The libretto of Doctor Atomic, devised by Peter Sellars, draws almost entirely from historical documents, letters, public hearings, and so on, to shape the basic series of incidents and reflect the feelings of the major participants, especially J. Robert Oppenheimer (sung by Ryan McKinny), his wife Kitty (Julia Bullock), the military commander of the project General Leslie Groves (Daniel Okulitch), the chief meteorologist of the test site, Frank Hubbard (Tim Mix), and the medical officer, Captain James Nolan (Mackenzie Gotcher). Smaller parts of the scientists involved represented Edward Teller (Andrew Harris) and Robert Wilson (Benjamin Bliss), and Kitty Oppenheimer’s Tewa housekeeper Pasqualita (Meredith Arwady). Throughout the opera, five dancers in dark close-fitting costumes essentially removing any specific personality provided regular, almost constant, gestural reaction to the human participants (Justin Geihm, Anne Pesata, Mina Radfarr, Jasper Shorty, and Jean-Paul Weaver, choreographed by Emily Johnson).

In addition to the original historical documents, the words of which made up much of the libretto, Sellars draws on appropriate poems for Oppenheimer, a regular reader of poetry, who ends the first act with a powerful reading of John Donne’s sonnet, “Batter my heart, three-personed God,” and Kitty Oppenheimer, who sings Adams’s setting of a poem by Muriel Rukeyser (a school acquaintance of Oppenheimer’s and later a public antagonist of nuclear testing). Pasqualita sings a “home song” of her people, evoking the blossoming of the “cloud-flower” and the ensuing rain.

The fusion of passages derived from the historical reports and personal documents offer a series of vignettes from the last 24-hour period before the actual test, dealing briefly with concerns of military secrecy, of the very iffy state of the weather, and of the medical issues regarding radioactive fallout. In the debate between Gen. Groves and Capt. Nolan about whether to notify or move the people who might be downwind of the explosion, Groves is most concerned that the secrecy of the project remain complete. Growing increasingly tense as the thunderstorm threatens to interfere with the timing of the planned explosion, he angrily threatens Hubbard the meteorologist with arrest if he “refuses” to provide a favorable weather report. At the same time there is a light-hearted conversation between Gen. Graves and a subordinate discussing the manner in which he cheats on his diet. Wilson’s midnight check of the bomb itself (on a high ladder next to the plutonium sphere), uncertain whether a random lightning strike during the thunderstorm might not set off the nuclear explosion prematurely, expresses the general tension among all participants.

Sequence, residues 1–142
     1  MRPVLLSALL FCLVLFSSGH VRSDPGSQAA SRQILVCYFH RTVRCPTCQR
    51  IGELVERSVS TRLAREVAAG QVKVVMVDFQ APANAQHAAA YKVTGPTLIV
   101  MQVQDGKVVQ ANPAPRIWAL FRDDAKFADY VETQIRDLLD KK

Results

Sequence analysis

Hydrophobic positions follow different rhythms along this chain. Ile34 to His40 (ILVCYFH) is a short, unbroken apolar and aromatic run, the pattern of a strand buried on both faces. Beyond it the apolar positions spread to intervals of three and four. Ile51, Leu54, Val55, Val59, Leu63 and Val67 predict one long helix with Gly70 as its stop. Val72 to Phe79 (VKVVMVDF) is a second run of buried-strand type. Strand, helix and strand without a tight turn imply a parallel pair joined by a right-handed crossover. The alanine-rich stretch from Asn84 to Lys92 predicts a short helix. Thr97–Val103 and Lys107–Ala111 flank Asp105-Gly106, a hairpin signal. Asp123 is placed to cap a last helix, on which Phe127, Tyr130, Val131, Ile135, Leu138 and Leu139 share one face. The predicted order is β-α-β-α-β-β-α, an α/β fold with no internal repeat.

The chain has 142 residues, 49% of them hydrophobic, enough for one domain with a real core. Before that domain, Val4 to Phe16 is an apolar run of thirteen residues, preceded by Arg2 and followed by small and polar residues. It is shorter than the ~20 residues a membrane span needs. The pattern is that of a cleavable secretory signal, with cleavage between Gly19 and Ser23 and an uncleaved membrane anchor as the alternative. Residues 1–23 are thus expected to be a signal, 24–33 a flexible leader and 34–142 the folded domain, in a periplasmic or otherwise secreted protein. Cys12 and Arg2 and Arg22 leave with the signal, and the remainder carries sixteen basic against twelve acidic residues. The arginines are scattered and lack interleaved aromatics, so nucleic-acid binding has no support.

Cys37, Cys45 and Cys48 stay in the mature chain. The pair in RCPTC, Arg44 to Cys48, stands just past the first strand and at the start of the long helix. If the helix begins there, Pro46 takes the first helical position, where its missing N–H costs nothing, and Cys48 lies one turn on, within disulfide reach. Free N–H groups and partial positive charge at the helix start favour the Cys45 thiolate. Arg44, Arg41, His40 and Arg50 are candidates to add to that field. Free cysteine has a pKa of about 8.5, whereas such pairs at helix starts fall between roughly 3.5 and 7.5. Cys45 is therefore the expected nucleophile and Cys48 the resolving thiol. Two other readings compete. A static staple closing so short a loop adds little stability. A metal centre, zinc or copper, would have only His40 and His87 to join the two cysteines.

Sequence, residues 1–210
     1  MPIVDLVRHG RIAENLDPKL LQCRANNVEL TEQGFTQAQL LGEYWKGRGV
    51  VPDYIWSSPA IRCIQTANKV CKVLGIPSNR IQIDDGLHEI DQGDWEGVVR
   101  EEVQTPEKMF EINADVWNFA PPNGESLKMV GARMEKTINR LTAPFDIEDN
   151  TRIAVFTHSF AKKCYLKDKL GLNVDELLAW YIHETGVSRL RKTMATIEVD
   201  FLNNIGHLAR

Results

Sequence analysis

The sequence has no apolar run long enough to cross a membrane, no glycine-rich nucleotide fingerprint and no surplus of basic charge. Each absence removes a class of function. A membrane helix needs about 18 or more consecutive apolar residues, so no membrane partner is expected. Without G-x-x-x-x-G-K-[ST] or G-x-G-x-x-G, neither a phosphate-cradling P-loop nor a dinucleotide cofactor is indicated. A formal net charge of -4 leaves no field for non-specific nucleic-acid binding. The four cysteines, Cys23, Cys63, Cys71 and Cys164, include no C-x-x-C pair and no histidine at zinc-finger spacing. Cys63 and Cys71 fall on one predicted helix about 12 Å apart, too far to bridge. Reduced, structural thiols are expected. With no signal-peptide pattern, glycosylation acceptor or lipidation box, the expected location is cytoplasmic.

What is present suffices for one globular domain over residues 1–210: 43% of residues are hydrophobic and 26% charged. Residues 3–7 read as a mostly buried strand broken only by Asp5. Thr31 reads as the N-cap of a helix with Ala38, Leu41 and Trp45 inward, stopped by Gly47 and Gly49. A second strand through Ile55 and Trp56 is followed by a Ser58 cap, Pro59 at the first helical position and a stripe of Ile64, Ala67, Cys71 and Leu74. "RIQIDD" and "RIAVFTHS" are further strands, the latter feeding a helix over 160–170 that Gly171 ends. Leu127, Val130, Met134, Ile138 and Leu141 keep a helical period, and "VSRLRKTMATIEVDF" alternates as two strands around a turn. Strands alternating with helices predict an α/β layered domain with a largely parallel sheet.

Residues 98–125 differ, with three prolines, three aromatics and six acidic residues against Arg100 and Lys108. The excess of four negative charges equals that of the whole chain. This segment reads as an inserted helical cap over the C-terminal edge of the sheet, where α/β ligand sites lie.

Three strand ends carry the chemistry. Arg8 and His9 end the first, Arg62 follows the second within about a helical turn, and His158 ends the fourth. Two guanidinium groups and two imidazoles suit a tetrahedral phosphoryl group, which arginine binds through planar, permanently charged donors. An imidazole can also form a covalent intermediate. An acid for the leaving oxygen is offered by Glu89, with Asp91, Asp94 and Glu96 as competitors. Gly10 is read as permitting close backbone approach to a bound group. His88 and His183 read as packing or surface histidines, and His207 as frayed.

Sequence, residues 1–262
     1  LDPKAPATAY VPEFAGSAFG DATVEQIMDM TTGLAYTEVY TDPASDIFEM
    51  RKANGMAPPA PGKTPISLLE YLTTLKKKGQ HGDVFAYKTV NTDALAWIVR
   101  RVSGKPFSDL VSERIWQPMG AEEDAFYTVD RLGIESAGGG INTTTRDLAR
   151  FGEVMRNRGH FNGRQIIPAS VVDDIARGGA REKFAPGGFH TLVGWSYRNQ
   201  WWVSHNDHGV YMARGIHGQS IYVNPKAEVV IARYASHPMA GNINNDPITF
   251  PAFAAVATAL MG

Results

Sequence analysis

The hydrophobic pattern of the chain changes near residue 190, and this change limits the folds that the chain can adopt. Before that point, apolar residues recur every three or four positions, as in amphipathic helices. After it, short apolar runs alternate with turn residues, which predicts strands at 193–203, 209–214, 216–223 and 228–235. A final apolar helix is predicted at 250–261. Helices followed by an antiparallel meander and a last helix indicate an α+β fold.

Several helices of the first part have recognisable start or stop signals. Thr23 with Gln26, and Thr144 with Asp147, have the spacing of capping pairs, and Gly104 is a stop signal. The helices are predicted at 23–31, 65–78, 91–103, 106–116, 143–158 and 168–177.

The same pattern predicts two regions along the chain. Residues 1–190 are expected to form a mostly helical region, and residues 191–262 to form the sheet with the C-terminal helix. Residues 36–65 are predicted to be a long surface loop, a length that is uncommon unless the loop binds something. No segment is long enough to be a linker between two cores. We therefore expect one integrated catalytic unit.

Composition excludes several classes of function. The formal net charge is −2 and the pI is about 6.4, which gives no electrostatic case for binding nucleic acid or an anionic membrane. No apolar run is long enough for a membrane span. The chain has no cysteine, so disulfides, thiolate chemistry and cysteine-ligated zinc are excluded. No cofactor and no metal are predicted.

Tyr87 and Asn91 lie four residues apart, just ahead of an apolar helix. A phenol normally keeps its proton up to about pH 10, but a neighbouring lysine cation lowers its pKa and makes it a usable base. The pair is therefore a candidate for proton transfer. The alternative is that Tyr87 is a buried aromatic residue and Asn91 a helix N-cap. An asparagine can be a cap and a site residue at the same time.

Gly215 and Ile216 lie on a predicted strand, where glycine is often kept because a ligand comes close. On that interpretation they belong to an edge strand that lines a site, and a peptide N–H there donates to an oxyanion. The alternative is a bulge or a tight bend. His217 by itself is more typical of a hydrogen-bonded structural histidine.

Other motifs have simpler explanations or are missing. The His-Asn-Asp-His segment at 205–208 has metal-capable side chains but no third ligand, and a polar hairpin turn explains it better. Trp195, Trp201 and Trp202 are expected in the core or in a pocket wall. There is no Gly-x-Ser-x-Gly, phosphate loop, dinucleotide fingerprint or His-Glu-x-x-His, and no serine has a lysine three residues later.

Throughout these sequences, which comprise all of Act I and the first half of Act II, John Adams’s music is by turns nervous, briefly serene, dynamic, rhythmically irregular, but largely continuous for the members of the orchestra, was precisely and energetically conducted by Matthew Aucoin. All of the singers have been brilliantly chosen for their parts, especially McKinny and Bullock, for the demanding parts of the Oppenheimers, and Arwady in the briefer, but essential, earth-mother role of Pasqualita.

The opera leads just up to the last second of the countdown that will bring the fateful explosion. The treatment of this finale all but freezes time. As the last stage approaches, the entire cast and chorus hunker down at the front of the stage, as if hidden behind safety barriers, staring out at the audience. The orchestra builds with an irregular, nervous, gradually increasing dynamic of the looming explosion, until the precise instant of the blast, whereupon the only remaining voice is that of a Japanese woman (on a recording) pleading for water. The instant of the successful test becomes fused with the catastrophic instant of the bomb’s dropping on a human target, changing the entire future.

Steven Ledbetter is a freelance writer and lecturer on music. He got his BA from Pomona College and PhD from NYU in Musicology. He taught at Dartmouth College in the 1970s, then became program annotator at the Boston Symphony Orchestra from 1979 to 1997.